Last February, Darren and I packed a bag full of bathing suits, towels, and bathrobes; bundled up; and drove off in the freezing rain to one of our favorite little towns on the
Jersey shore. What were we doing there? Spa weekend? Couple’s massage? Hot tub and cocktails? Oh no. We were there for a swim.
In the ocean.
And we weren’t alone.
We parked in front of the little house we lived in before we were married, walked two bone-chilling blocks to the beach, and weaved our way through a crowd of people milling around the boardwalk. They carried their own bags of bathing suits, towels, and bathrobes, and their faces shared our expression of “Holy Christ… look at the snow on the dunes.”
Everyone smiled and laughed nervously. Hugs and pats on the back were exchanged. Flasks were shared. It was freezing; but the camaraderie was awesome. We were there for the Valentine Plunge for
ALS. In one way or another, every single person on that boardwalk had been affected by the beast, and we were there to prove to anyone who would listen that we’d do anything to raise funds and awareness, including a dash into the icy Atlantic in the middle of winter in little more than our dainties.
Three of our very good friends huddled nearby, waiting for us to arrive. Two volunteered to take the plunge with us, and the other submitted herself and her insane photography skills to the freezing sand. I could not believe that they (and my awesome cousins Kelly, Brittney, and Zack) climbed aboard this event without ever being asked. Anyone who offers to freeze his or her ass off in support of your cause really likes you and really liked your Dad. To say that I am humbled is an understatement. I know my Dad would say the same.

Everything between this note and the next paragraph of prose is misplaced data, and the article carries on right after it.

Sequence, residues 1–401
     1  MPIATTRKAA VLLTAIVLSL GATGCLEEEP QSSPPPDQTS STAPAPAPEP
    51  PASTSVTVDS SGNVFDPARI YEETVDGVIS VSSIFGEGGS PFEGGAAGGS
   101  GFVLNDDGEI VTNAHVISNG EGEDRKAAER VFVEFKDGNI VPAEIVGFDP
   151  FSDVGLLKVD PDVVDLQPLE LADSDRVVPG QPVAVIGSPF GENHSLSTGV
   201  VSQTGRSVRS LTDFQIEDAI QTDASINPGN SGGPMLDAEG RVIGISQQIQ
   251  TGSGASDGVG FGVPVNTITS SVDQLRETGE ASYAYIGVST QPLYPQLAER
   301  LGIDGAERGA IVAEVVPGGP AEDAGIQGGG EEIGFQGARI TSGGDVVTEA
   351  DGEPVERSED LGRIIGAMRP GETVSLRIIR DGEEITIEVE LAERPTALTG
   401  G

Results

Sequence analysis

|From left to right - yours truly, Darren, and good friends Dave and Greg. Pre-plunge, 2011.|
After a few minutes of chit-chat, we made our way into gender-assigned tents to strip down to our bathing suits and then onto the sand to wait for the whistle to blow. Is the waiting truly the hardest part? Hell yeah, it is. The sand was unbelievably cold. A bolder woman might have focused her energy away from the fact that, toe by toe, sensation was seeping out of her feet; but not me. Instead, I hopped ridiculously from foot to foot until the whistle blew. When it did, adrenaline took over and slaughtered the cold, and we ran like maniacs toward the waves. I remember laughing hysterically at the chorus of screams as our feet hit the water, and I still laugh out loud every time I think of it. I made it into the ocean up to my shoulders and then bolted for the sand, back to my friend Catherine who was snapping pics and guarding my robe.
I was in and out of the water in much less than a minute; but it was one of the most amazing minutes of my life. Sounds dramatic; but it’s true. I liken it to how I felt after I had Madeline. I was so high on endorphins after I delivered her that I felt nothing – not fatigue, not needles, not stitches – but bliss. That’s exactly how I felt after the plunge. Cold, shmold… this was a blast, and I can’t wait to do it again in 2012.
The friends who joined us last year know exactly what they’re in for, and they’ve agreed to join us again anyway. (In Viking hats, no less.) Perhaps you would like to join us, too? It’s cold; but it’s incredible and I’ll buy you a beer afterward. If you can’t bear the thought of plunging, then cheer us on, donate, and/or think warm thoughts for us. We’d appreciate any of the above. Save the date (
02/04/2012) and stay tuned for more details!